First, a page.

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On this date, in 1862, Congress passed the Homestead Act.
This legislation authorized unrestricted settlement on public lands to settlers, requiring only residence, cultivation, and some improvement to a tract of 160 acres. Any person who was head of a family or was age 21, a United States citizen, and owned less than 160 acres was eligible.
After living on the land and farming it for six months, the individual could buy the homestead at $1.25 an acre. But after five continuous years, he or she could apply for and receive a patent or title to the 160 acres for a filing fee of $15. This legislation (among others) permitted whites to freely acquire vast amounts of real estate, unavailable to Blacks and Native Americans (who had lost their land to the white Europeans) in America who were, at the time, not considered full citizens of the United States.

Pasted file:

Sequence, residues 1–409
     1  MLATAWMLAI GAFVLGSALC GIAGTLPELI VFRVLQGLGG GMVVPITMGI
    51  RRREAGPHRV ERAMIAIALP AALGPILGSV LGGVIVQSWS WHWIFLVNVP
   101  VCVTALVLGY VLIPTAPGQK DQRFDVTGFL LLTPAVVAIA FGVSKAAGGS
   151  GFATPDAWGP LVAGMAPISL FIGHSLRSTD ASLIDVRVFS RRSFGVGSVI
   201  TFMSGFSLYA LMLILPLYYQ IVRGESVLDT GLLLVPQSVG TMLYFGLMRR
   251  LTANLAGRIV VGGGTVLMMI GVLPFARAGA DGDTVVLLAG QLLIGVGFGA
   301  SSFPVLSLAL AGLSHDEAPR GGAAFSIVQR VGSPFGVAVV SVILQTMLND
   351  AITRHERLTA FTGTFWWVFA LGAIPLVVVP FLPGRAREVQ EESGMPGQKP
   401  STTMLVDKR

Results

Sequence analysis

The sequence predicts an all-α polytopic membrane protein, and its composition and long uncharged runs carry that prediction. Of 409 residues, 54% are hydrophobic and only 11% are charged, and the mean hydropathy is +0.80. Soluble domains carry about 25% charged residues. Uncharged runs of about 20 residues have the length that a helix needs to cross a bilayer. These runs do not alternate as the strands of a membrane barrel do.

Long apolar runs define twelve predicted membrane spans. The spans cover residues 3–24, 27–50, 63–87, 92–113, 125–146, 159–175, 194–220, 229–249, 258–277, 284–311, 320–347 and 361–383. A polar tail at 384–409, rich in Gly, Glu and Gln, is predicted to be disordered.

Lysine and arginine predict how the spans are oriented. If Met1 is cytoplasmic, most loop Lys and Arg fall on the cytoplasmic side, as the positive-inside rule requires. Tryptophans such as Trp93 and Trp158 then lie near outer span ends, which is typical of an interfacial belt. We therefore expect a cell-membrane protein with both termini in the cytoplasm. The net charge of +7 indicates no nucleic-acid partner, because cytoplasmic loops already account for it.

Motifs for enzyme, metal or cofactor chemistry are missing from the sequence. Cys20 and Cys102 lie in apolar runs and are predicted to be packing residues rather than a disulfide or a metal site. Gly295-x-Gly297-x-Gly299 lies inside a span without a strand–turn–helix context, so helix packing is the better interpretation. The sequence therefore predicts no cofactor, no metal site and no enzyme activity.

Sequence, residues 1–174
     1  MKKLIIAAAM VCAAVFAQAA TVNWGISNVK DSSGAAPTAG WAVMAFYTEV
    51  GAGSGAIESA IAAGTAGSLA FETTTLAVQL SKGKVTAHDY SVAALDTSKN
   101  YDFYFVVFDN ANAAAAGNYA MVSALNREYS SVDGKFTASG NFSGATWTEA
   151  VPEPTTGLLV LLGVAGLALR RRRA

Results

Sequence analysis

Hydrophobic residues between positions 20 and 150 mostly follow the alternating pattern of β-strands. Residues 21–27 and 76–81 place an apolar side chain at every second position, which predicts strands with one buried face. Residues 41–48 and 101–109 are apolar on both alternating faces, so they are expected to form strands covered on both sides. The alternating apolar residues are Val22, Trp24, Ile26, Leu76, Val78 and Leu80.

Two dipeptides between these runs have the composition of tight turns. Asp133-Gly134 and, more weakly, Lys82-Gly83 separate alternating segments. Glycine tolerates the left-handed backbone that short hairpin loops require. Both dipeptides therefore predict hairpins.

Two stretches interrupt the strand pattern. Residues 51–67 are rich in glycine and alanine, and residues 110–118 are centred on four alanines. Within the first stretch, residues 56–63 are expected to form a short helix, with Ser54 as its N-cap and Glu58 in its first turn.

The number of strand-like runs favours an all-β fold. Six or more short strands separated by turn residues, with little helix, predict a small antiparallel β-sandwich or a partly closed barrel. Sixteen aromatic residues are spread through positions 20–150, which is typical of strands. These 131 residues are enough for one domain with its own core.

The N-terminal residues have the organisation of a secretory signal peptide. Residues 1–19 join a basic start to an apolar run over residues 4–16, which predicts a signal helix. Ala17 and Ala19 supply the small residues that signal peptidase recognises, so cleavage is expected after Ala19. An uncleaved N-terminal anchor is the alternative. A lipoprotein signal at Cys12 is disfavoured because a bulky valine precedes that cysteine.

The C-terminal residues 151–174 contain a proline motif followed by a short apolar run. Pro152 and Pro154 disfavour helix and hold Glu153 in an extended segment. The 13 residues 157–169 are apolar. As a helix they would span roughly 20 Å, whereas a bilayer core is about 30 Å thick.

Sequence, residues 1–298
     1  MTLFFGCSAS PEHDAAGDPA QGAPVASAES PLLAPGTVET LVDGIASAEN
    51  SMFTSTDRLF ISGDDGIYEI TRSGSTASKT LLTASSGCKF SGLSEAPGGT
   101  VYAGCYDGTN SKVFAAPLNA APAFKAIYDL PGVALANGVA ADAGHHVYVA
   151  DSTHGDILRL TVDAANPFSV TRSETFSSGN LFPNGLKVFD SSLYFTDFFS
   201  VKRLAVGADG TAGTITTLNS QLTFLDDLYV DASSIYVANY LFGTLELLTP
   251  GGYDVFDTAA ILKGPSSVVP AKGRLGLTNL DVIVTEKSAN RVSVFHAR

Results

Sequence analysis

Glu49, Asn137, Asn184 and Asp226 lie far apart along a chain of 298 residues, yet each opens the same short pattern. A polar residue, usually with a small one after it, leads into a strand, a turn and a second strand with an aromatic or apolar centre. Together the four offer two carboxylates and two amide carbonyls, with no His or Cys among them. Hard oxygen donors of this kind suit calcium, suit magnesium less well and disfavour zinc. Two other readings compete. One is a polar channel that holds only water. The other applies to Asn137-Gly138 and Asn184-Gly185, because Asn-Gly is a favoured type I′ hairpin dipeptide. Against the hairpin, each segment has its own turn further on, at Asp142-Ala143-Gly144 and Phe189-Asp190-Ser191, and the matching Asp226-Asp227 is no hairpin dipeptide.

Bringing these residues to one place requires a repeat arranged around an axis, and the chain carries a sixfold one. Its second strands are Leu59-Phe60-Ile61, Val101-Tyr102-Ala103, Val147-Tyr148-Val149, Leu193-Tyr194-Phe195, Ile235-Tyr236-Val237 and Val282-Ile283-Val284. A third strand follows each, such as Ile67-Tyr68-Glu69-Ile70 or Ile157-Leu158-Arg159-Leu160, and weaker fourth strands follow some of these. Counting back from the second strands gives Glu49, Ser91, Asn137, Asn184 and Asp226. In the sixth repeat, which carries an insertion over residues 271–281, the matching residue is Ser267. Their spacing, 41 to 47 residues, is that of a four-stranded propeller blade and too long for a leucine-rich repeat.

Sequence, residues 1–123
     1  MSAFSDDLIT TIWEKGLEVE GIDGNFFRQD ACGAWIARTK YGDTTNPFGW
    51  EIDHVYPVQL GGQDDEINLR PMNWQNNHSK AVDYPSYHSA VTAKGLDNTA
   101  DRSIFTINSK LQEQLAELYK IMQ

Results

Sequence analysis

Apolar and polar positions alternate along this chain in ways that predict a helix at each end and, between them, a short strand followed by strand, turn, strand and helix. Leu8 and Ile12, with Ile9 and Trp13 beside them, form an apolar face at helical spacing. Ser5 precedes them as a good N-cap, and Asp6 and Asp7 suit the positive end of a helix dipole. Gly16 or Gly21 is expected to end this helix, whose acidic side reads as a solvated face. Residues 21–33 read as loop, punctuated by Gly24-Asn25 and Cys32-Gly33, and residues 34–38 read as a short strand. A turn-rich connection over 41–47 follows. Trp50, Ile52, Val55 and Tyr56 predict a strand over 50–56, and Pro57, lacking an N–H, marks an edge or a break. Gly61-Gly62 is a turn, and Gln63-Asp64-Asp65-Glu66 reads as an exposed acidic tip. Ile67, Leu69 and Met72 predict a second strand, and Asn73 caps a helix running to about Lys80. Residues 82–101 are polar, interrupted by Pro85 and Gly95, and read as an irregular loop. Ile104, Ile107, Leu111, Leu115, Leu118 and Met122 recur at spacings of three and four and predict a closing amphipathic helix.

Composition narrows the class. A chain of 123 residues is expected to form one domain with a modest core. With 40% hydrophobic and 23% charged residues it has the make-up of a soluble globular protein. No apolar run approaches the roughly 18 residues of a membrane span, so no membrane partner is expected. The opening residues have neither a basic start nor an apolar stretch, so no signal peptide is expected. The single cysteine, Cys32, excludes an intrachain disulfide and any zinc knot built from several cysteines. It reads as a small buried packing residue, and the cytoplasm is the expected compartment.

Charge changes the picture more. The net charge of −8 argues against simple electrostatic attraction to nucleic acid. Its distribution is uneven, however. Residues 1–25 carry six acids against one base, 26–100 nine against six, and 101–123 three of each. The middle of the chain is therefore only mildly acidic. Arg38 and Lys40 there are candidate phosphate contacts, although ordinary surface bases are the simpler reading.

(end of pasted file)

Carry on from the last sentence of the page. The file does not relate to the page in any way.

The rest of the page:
This law was part of a government-directed redistribution of land movement. It sheds light on the tremendous economic advantage given to future generations of white Americans as land is passed through inheritance.